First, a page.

Imagine the museum as a voice. Like the voice of someone you trust, or the voice of your navigation system… or even better, the voice of a very good audiobook narrator. What the voice says changes each time it speaks out, but it remains constant in its own qualities and manner. You enjoy listening to it. It adds quality to the material. It makes the paragraphs fluent and ideas accessible. You may even start associating the writer of the book with the narrator’s voice. Your life is enriched by the book and you feel deeply moved. Deep inside, you associate all these feelings with the voice. If you come across another book recorded by the same narrator, you would inevitably be expecting a similar experience. In fact, this expectation you project could change the context of the book, the way our receive it, and possibly even the meaning of it.
Having defined our goals and the communication strategy, we can start designing the voice or the “spirit” of Vincent Price Art Museum. Ideally, everything that comes from the museum should be spoken out with the same visual voice, no matter what the message is. The audience should be able to say: “This is Price speaking! We enjoyed listening to its voice and what it said before. Let’s see what it has to say now.”
Improving recognition requires and also brings with itself, the shortening of the museums name. We recommend a two-step gradual change in how the name of the museum is displayed. The first step is a typographical fade-out. At the second stage the name Price and even the letter P will be recognizable as the signature of Vincent Price Art Museum.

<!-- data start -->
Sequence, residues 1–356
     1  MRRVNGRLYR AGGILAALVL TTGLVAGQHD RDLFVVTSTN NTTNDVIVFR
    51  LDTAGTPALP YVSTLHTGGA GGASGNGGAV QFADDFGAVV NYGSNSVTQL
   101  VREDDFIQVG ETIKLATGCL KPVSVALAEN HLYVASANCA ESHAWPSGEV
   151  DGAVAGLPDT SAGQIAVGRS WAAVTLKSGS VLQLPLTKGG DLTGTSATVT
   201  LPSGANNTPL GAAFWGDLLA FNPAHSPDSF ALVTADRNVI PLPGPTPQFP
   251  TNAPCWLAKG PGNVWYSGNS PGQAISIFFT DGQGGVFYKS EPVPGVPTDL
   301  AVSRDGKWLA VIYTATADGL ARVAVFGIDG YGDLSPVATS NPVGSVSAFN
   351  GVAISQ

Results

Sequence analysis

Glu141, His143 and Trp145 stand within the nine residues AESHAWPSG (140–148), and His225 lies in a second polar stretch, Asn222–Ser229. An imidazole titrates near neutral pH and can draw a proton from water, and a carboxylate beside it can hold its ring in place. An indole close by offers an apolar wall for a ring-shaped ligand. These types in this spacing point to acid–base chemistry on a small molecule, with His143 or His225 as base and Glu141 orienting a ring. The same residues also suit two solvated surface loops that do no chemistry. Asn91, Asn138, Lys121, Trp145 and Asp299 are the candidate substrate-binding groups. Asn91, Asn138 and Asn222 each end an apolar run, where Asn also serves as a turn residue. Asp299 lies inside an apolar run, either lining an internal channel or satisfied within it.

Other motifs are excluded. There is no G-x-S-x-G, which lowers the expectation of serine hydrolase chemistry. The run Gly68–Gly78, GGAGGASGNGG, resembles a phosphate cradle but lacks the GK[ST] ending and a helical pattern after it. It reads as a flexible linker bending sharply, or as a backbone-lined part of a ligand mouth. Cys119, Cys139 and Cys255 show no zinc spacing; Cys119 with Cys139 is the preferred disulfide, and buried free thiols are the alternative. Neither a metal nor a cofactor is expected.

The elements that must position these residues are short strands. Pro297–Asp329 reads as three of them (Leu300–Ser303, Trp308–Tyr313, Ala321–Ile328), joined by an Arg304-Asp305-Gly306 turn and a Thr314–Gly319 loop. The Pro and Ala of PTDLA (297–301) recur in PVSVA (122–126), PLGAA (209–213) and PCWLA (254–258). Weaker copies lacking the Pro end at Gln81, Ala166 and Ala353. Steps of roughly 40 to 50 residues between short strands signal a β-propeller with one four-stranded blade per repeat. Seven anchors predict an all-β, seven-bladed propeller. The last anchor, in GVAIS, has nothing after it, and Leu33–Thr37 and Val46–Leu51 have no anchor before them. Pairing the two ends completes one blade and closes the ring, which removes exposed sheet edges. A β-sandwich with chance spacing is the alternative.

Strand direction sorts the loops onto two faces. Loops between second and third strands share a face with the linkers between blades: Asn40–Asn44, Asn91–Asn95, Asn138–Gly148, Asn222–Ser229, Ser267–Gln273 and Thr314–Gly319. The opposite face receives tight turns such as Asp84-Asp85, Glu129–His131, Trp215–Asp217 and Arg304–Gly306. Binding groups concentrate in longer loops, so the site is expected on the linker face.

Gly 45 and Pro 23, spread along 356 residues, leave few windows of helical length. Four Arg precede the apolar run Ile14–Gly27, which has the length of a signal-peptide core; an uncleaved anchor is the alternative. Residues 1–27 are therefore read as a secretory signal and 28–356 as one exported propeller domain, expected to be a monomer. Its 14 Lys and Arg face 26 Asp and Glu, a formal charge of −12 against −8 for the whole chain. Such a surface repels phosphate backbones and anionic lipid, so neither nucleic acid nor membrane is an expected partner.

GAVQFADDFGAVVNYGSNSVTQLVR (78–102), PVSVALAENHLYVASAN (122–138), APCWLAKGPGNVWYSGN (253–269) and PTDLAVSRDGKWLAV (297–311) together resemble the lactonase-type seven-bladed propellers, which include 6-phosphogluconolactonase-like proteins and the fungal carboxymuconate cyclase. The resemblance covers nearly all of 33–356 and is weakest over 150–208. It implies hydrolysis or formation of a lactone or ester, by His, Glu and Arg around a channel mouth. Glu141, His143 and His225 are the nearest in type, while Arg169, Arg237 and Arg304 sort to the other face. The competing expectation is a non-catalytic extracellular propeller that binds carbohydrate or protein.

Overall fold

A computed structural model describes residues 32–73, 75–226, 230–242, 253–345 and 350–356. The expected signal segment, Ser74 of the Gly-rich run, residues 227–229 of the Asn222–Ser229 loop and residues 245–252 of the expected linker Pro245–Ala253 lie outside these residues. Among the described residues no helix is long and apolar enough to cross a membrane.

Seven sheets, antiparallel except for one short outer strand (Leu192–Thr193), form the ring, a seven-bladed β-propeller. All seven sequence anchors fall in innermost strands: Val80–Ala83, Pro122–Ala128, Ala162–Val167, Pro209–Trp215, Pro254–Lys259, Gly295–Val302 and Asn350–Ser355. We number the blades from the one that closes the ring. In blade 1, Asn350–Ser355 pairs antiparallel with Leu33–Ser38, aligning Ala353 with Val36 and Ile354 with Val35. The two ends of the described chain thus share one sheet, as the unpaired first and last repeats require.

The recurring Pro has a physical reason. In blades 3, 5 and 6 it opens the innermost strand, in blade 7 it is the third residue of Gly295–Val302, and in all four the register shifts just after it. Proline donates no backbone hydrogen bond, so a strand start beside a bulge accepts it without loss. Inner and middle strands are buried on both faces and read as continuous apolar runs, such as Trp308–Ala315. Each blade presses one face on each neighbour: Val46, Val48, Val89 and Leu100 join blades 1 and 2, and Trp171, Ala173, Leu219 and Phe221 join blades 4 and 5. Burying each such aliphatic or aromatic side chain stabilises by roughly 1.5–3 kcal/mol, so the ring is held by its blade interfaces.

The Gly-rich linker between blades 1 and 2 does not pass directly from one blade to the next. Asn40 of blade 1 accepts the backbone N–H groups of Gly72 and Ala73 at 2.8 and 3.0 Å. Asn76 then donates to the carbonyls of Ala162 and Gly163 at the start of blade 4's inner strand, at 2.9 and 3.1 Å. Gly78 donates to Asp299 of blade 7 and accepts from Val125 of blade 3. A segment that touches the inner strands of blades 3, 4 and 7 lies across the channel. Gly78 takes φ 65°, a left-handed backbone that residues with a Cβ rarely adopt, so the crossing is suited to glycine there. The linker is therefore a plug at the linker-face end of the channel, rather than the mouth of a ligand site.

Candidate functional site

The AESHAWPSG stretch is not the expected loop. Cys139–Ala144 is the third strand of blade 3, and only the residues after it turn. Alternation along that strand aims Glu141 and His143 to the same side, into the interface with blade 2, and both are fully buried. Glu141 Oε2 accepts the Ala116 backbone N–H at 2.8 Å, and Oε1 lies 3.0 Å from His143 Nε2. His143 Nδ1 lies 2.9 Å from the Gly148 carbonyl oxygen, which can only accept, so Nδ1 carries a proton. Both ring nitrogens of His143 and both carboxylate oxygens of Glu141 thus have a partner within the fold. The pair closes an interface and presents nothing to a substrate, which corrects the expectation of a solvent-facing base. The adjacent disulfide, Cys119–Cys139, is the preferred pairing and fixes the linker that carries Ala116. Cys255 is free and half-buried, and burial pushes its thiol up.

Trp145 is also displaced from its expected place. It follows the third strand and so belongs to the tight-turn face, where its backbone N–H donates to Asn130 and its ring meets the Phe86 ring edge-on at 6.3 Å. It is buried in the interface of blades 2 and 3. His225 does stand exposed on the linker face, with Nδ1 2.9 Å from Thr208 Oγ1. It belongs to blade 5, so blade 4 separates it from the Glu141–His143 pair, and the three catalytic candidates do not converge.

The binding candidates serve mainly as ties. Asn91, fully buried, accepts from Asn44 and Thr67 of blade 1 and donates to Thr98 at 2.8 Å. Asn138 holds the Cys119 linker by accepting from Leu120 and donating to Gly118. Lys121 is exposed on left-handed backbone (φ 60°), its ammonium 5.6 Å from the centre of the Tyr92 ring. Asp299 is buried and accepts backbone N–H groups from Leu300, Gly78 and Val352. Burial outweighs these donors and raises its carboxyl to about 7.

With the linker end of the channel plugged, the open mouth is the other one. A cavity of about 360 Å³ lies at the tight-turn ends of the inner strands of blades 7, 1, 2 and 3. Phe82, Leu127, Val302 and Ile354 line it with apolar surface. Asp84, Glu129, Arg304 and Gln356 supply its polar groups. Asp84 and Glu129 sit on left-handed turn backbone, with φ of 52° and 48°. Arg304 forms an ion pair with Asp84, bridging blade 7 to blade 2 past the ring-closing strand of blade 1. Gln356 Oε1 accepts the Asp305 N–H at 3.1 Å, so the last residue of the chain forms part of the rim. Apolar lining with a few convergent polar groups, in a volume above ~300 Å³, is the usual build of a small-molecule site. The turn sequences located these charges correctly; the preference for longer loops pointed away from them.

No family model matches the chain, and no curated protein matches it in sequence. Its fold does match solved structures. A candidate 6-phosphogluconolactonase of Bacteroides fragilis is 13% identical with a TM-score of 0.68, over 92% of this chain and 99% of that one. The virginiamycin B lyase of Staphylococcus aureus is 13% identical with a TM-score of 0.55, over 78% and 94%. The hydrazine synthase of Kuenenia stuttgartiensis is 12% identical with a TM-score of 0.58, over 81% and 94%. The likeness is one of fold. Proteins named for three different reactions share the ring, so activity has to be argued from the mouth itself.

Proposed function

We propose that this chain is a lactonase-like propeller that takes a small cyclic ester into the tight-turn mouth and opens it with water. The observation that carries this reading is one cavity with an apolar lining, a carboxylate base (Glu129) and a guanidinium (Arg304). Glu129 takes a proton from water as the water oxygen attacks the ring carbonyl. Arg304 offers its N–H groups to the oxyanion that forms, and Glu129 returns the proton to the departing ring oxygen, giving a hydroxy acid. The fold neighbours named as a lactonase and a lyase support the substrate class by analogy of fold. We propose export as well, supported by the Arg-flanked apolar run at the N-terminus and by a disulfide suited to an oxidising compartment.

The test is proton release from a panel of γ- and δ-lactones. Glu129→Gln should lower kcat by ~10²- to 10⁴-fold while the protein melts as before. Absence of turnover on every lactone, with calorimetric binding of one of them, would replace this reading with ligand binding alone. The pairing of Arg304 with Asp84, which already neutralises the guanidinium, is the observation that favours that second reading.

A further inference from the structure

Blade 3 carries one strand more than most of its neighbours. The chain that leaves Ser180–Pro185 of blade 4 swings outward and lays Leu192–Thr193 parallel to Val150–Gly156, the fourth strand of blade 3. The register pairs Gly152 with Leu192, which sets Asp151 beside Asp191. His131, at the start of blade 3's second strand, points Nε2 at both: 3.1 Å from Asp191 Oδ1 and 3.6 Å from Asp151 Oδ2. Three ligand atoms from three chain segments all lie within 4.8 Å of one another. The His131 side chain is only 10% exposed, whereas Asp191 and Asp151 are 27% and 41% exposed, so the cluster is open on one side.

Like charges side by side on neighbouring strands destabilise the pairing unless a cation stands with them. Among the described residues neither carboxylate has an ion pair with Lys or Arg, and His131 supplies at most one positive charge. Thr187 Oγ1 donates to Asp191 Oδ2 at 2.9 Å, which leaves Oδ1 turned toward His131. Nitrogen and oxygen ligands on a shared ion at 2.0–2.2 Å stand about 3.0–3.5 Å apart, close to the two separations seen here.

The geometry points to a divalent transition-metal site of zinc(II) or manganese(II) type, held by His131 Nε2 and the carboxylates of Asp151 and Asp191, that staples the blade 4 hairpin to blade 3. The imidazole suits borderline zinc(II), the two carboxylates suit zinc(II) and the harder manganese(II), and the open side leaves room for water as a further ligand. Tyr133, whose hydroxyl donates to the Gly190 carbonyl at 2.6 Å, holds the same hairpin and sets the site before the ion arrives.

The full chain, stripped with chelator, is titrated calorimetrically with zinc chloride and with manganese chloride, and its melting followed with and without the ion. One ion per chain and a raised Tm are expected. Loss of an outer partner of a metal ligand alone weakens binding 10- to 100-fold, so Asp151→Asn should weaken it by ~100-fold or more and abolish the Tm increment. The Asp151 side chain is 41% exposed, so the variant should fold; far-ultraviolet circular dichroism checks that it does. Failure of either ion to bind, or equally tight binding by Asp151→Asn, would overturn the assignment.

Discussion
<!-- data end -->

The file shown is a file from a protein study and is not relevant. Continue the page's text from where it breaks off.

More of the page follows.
We don’t believe in inventing identities. We believe in extracting them. In case of VPAM, the cultural focus of the exhibitions and architectural language of the museum building were good starting points. We concentrated our initial efforts in finding a good typographical match to the voice of the museum. A typeface that complements and accentuates the inherent identity.
Be it a publishing house, a concert hall or a film festival, defining the identity of any cultural or artistic arena always has a particular challenge. In our case, the challenge is to be recognizable while still remaining in the background and hosting another visually strong identity. In addition to this, there’s also the problem of having to represent a body of work or an entire curatorial collection with a single painting or a sculpture. With the usage of the iconic “P” as a containing element, we believe both problems are resolved simultaneously. The three dimensional “P” changes its appearance with each exhibition and it hosts a collection of recognizable pieces within itself. In a way, the visual solution is an analogy of the museum building and the body of work it holds within. Once the identity is established, we also recommend using more abstract POV renderings of the letter “P”.